But I also don't want to create unnecessary conflict. And he loves typing so, so much. So I got the computer set up and ready to go. Did I tell him not to print anything? I thought I did. Regardless, he printed something. And not just any old something - he printed 61 pages. Something like 3 of them had any actual stuff on them. His name; the names of his brother and sister. But EVERY SINGLE ONE had a page number, so its not like I could reuse them.

It frustrated me. He saw it. He hadn't known what he was doing, of course. And he was sorry. I told him it was alright, just listen to Daddy next time. We don't want to waste paper. But the damage was done.

Not to the paper. We couldn't reuse it, but its paper. No; I had taken a beautiful, nice, fun thing my son loved and turned it ugly. How deep can a parent dig a hole before they can't climb out any more?

All because I was quick to anger. At least that was my fear.

If this was a one-time event it would be one thing. But it happens all too frequently. I'm not even sure what the answer is, except more awareness and deep breaths.

PART II LATER THIS WEEK: ARE THERE ANSWERS SOMEWHERE; ANYWHERE?

<a href="http://www.somethingcrunchymummy.com/p/just-another-linky.html?m=1" target="_blank"><img alt="thumbnailsize" border="0" src="http://i67.tinypic.com/t9f86g.png" style="border: none; max-width: 100%;" />

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Comments

  1. Sorry to hear about your rough days! I know it doesn't help but try to remember that we all (parents or not) have them. I too lack patience sometimes and I only have one four-year-old! You are doing an amazing job and your three little blessings love you for it. I hope the next few days don't suck quite as much for you, and good job blogging in January!

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  2. Thanks for the comment. After those two tough days we had a string of good ones- which is the way it goes. I just wish I could help those bad ones not be so bad.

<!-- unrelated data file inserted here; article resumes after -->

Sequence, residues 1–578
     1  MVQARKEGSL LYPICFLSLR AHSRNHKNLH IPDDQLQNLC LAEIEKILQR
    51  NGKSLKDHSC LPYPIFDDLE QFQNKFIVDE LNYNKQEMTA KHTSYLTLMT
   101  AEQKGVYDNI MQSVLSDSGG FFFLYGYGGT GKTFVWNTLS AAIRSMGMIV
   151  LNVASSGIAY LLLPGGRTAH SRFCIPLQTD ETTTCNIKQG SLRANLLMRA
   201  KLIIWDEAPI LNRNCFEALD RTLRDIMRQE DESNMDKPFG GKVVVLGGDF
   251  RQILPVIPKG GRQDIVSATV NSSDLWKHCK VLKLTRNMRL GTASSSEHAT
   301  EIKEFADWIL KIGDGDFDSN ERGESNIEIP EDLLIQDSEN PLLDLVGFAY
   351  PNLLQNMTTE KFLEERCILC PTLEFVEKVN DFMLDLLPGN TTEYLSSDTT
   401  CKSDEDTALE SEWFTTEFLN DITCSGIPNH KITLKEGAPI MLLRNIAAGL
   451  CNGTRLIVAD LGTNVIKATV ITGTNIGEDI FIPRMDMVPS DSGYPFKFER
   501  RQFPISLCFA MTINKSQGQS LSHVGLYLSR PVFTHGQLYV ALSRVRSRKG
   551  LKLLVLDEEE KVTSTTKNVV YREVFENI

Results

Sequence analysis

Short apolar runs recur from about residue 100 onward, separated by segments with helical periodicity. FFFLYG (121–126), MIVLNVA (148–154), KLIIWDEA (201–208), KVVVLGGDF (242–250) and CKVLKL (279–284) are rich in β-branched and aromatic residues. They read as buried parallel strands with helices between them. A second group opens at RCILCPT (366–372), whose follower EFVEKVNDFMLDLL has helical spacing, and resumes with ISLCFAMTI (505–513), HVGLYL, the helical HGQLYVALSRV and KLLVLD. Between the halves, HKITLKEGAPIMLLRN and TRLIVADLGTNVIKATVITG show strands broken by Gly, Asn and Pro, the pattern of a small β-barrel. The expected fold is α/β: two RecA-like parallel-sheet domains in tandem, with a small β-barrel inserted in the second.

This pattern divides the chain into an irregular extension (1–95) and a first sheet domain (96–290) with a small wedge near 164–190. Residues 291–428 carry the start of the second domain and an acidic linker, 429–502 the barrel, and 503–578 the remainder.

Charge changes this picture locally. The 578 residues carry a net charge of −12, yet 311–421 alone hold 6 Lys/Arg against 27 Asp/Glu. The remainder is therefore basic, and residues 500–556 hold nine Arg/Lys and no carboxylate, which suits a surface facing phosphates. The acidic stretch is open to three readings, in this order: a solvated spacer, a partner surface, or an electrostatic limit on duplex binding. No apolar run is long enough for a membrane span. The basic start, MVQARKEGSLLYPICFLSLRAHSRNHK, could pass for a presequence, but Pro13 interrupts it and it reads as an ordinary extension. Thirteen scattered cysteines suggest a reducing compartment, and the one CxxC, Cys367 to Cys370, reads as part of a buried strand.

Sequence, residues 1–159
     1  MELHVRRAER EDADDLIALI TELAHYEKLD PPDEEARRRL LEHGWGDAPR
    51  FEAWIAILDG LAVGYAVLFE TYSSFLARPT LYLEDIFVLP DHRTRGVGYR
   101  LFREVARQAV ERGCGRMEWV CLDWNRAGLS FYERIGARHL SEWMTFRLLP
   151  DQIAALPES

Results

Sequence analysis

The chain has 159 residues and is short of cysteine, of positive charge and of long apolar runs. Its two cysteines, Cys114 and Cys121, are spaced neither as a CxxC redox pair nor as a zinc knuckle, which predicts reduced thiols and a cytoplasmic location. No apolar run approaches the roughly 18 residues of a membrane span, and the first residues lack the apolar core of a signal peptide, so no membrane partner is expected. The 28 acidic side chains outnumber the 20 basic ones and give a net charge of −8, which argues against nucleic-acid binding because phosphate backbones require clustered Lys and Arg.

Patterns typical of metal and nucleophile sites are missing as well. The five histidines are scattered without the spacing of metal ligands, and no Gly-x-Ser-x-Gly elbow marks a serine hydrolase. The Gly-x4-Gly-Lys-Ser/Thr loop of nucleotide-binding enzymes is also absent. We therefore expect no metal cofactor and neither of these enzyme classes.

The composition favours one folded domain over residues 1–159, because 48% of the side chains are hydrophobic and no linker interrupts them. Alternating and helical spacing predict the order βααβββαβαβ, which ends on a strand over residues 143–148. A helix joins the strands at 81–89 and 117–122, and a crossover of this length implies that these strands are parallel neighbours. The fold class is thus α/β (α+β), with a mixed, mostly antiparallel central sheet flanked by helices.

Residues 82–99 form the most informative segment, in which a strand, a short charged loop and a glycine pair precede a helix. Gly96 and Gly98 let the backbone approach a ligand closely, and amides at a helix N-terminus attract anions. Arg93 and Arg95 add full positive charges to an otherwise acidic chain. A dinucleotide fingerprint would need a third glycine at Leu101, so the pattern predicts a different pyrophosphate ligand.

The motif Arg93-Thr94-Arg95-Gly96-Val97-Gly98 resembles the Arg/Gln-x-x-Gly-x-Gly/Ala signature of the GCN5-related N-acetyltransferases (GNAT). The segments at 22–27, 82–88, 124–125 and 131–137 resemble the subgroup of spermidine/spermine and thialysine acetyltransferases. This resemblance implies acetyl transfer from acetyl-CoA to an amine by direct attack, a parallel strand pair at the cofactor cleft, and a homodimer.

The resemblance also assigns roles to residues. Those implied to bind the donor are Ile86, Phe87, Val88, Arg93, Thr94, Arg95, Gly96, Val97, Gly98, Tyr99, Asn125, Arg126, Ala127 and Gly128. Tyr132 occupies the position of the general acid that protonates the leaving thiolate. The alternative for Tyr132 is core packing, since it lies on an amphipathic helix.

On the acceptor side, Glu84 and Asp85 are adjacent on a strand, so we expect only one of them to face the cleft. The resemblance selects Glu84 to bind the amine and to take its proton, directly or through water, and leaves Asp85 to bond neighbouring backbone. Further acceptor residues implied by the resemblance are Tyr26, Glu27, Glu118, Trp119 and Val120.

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  3. I know what you mean. Just gotta push through though. I myself had a few terrible days two weeks ago for no reason whatsoever, and I feel so guilty when that happens, but I am not one of those people who can just snap out of it, and I guess you are not either. Cute pic, btw! Did I miss it before or did you just add it?

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  4. Thanks. I added it after the post went up, so it probably wasn't there when you looked the first time.

    I get over things easily enough, but yeah, its hard for me to break out of the moment.

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  5. Sorry to hear about your rough days. Thanks for linking up to #justanotherlinky xx

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  6. I can only say learn to forgive yourself for not being a perfect Dad or parent. And seek help because there is loads out there and then you will feel less isolated at least. Hope that helps a bit

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  7. Thanks to both of you for stopping by. You post something like this, and then your kids go on a 5 day tear where they are just absolutely wonderful, you are getting rest, and you think "what the heck was wrong"?

    ReplyDelete